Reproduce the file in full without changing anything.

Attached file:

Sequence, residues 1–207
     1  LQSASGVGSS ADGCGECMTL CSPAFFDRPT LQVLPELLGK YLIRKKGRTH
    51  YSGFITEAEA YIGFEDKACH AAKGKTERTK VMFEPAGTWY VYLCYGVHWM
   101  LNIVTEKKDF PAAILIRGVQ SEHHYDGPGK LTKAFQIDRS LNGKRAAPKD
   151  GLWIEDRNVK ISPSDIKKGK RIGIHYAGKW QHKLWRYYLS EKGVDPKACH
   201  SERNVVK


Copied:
Sequence, residues 1–207
     1  LQSASGVGSS ADGCGECMTL CSPAFFDRPT LQVLPELLGK YLIRKKGRTH
    51  YSGFITEAEA YIGFEDKACH AAKGKTERTK VMFEPAGTWY VYLCYGVHWM
   101  LNIVTEKKDF PAAILIRGVQ SEHHYDGPGK LTKAFQIDRS LNGKRAAPKD
   151  GLWIEDRNVK ISPSDIKKGK RIGIHYAGKW QHKLWRYYLS EKGVDPKACH
   201  SERNVVK